By Justin Sampson (For OzarksSportsZone.com)
The coaching circumstances near the end of the 2017-2018 Marshfield boys basketball season were, safe to say, unorthodox. Damon Seiger was let go with less than a month to go in the season and still went on to be voted the COC Small Coach of the Year.
Former Springfield Catholic head man Tony Armstrong led the Blue Jays to the end of the campaign, one that finished with a 13-12 record and a first-round district exit.
When this season opens on Nov. 18, Marshfield will be under the tutelage of a third head coach in less than 10 games. This time, it will be former Evangel and Kickapoo assistant Adam Carpenter.
The new captain spent one year on Dick Rippee’s staff during the days of Jared Ridder and Cam Davis before joining Steve Jenkins and company with the Crusaders last season. Prior to that, he spent three years at Doniphan High School for his first head coaching job.
“I was spoiled and blessed to get a Class 3 job as my first job,” Carpenter said. “I was able to jump in and learn so many things about coaching normal high school athletes. You learn to motivate players that may not want to play college basketball or be in the gym 12 months out of the year.”
Carpenter sees both realities at Marshfield: kids whose playing days will stop upon graduation and some who could aspire to play at the next level. He has quickly moved towards establishing this mindset.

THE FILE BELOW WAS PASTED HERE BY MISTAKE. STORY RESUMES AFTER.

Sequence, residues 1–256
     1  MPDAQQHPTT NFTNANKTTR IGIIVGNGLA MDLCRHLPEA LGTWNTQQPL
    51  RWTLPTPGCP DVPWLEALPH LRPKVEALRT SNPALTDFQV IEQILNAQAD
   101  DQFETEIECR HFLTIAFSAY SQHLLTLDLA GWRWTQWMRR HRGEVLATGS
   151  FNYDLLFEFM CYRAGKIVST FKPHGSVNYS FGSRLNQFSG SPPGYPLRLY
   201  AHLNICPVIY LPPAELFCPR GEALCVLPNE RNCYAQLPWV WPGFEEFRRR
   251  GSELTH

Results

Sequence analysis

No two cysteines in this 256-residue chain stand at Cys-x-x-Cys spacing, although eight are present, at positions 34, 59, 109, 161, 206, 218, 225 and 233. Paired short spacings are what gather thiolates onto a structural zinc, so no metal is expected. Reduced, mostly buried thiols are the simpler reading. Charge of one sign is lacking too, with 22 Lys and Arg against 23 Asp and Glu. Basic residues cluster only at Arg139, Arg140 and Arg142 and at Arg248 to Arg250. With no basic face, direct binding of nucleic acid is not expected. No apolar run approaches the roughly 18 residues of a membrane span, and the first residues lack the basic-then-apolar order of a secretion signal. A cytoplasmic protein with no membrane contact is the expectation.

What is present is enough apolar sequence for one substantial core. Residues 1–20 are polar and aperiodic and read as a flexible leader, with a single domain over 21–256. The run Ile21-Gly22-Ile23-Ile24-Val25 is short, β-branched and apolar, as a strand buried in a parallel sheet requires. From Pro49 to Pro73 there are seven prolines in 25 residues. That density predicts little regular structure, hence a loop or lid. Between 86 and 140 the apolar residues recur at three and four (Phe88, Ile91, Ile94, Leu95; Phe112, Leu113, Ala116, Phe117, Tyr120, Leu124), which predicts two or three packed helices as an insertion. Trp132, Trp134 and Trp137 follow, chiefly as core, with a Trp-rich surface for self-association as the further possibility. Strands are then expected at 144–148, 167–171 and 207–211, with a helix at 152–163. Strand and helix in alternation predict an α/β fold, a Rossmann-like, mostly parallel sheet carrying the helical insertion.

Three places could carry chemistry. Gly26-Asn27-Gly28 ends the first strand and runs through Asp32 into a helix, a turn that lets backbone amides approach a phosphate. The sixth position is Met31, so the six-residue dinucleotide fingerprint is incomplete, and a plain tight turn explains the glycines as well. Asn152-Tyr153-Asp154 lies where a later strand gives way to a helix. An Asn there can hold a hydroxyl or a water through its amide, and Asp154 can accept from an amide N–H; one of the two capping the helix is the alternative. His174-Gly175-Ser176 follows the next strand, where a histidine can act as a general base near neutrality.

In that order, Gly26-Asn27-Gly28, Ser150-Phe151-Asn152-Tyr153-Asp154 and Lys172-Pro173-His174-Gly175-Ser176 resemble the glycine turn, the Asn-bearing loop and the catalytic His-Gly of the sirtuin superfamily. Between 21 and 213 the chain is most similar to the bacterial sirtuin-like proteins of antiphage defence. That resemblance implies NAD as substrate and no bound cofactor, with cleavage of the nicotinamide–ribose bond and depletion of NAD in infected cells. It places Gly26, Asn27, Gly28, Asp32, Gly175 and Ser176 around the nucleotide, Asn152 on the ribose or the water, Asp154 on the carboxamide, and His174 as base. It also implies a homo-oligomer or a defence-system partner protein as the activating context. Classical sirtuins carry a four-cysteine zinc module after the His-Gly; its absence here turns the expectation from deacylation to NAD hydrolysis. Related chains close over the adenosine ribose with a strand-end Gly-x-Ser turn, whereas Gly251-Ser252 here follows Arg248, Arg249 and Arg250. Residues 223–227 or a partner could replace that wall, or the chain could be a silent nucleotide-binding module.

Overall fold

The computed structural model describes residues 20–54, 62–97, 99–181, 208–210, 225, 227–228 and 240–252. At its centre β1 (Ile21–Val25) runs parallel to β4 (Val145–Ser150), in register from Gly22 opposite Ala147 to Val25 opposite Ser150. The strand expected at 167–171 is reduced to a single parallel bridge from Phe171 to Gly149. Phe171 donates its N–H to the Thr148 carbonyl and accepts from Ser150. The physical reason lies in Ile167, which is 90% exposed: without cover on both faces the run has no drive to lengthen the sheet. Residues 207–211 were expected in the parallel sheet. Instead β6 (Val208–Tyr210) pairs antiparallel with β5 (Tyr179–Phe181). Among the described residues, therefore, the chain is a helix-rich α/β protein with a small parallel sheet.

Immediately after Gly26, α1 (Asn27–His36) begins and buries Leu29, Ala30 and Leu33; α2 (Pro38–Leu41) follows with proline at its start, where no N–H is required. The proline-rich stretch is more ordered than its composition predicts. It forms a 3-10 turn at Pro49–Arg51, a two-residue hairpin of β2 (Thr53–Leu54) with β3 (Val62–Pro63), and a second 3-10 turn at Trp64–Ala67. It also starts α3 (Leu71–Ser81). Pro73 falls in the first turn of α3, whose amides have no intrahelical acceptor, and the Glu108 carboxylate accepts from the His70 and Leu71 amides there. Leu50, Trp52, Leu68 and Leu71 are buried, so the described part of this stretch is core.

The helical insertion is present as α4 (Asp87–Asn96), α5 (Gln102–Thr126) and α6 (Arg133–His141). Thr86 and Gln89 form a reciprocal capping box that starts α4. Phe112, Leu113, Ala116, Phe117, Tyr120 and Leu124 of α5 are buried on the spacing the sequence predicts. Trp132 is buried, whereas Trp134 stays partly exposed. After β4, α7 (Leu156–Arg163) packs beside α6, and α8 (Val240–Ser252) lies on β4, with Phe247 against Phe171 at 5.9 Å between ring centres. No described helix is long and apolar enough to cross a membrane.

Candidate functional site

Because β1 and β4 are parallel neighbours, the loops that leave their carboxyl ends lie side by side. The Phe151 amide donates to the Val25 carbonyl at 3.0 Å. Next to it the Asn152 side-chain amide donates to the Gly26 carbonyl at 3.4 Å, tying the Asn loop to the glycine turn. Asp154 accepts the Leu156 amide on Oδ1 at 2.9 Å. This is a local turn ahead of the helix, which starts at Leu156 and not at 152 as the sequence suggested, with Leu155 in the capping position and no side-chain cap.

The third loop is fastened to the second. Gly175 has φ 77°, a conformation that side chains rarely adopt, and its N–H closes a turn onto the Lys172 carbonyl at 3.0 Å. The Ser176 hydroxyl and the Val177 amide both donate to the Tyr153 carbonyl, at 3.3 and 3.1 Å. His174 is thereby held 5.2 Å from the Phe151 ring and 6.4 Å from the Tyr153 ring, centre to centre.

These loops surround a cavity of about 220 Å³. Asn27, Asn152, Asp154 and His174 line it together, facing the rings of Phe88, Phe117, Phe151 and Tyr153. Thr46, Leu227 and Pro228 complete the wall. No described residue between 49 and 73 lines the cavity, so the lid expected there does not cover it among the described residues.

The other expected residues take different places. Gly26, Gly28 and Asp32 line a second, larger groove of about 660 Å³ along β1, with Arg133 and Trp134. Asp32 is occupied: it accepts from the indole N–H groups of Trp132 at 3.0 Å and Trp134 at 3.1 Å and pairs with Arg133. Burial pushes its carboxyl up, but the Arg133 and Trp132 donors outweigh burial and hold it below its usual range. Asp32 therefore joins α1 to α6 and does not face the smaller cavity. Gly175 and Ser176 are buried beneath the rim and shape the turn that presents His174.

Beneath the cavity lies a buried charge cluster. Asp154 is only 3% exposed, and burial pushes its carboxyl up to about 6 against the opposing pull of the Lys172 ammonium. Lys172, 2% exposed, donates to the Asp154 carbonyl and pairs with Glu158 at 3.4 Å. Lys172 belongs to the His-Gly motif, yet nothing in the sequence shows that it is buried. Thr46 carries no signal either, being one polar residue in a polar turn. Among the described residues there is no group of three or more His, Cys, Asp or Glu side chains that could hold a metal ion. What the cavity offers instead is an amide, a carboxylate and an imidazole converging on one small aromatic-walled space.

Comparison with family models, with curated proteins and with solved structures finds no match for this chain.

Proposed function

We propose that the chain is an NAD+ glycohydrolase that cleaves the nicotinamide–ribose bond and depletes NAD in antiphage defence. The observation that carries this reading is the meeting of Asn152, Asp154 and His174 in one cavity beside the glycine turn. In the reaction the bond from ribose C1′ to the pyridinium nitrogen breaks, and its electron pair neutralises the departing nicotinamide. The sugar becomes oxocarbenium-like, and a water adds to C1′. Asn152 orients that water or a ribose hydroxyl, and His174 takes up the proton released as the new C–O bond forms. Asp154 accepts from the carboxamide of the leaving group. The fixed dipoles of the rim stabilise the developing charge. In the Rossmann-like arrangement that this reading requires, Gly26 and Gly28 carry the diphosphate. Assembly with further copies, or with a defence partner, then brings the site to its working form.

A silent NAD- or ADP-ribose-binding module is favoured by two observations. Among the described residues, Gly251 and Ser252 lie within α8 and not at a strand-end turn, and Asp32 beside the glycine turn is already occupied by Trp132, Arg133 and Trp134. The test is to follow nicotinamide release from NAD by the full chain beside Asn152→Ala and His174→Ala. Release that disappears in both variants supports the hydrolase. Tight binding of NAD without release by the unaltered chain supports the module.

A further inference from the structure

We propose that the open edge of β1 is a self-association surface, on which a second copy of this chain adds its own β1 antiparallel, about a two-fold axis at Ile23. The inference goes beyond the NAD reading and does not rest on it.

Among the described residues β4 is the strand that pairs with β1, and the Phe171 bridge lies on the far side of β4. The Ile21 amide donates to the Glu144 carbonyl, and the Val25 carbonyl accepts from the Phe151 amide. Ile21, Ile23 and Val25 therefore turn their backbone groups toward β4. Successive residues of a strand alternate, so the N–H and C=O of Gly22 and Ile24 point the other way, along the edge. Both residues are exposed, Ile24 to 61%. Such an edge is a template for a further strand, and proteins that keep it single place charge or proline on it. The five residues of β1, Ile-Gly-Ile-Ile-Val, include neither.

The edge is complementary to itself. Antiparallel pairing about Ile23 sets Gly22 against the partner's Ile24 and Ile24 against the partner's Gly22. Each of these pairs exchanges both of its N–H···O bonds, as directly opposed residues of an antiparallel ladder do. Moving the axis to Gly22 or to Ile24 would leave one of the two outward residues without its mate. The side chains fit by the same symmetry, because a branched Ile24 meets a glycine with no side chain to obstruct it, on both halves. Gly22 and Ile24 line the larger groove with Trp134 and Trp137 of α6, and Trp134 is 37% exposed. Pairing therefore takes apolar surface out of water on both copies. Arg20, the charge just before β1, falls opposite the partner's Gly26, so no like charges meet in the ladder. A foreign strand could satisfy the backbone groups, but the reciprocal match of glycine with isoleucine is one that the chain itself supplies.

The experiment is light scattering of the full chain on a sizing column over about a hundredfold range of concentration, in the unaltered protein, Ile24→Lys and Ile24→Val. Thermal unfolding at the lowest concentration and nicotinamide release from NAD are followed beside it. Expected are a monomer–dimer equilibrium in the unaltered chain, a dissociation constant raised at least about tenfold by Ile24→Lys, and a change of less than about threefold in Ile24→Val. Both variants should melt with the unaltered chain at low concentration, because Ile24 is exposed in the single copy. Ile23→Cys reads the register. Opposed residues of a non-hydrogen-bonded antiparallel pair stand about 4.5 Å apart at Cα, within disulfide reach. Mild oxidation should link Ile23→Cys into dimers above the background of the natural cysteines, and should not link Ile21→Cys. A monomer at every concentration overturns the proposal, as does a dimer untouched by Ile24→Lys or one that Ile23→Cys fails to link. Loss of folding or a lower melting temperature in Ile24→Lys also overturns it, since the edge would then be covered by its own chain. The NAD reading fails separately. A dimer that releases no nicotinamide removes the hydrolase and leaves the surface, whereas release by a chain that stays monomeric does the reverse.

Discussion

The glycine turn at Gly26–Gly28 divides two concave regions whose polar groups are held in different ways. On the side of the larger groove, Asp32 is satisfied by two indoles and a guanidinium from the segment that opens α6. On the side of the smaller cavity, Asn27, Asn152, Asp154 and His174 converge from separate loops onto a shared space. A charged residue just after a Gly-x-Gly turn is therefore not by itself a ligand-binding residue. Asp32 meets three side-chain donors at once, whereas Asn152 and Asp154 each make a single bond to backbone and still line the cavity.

“Your first year at a place is so much about the culture. You have to get in their heads and understand what they’ve experienced. The program has always been competitive. I’m trying to set a really high bar and help them understand that there is no reason why Marshfield can’t be a top team in the district and conference consistently.”
He inherits one of the oldest squads in the area with seven seniors at his disposal: Brayden Peck, Tristan Lettterman, Jacobi Villines, Austin Porter, Parker Dinwiddie, Truett Gardner, and Brandon Pogue.
Trenton Kanengeiter will be another senior on the roster, but will miss out on returning to his starting spot in the post due to a torn ACL.
Porter and Letterman are returning All-COC selections. Porter, a Second Team honoree, averaged 14 points and 5.6 rebounds per game. Letterman garnered an honorable mention with 13.2 points and 4.4 boards a night. He, along with Gardner, will also sport the most length for the Blue Jays, with each standing at around 6’4”.
Carpenter said he has no plans to come in and reinvent everything his seniors have spent their entire high school careers learning. The Blue Jays lost nine games by single digits last season and they have done nothing but grow. He will lean on his oldest players and provide them the freedom to help his transition through their own leadership.
“We have some all-conference caliber players,” he said. “We will have the conversations very quickly about how they need to lead us. In my experience as a player and coach, players like that responsibility. I’m very comfortable telling these guys that it’s not about me making things happen right now.”
“It’s about them having that freedom and taking control.”
What Carpenter will preach is three things: defense, rebounding, and discipline. He will utilize a man-to-man scheme and likes to play with motion and tempo. While understanding that it will take time to raise that tempo in his system, he is entrusting his upperclassmen to help the progression as quickly as possible.
“The first conversation I had with them was about how I am coming into their senior year. I respect them, automatically. Those are men to me. I want them to trust that it’s not about three years from now. I want to help them have a great senior year.”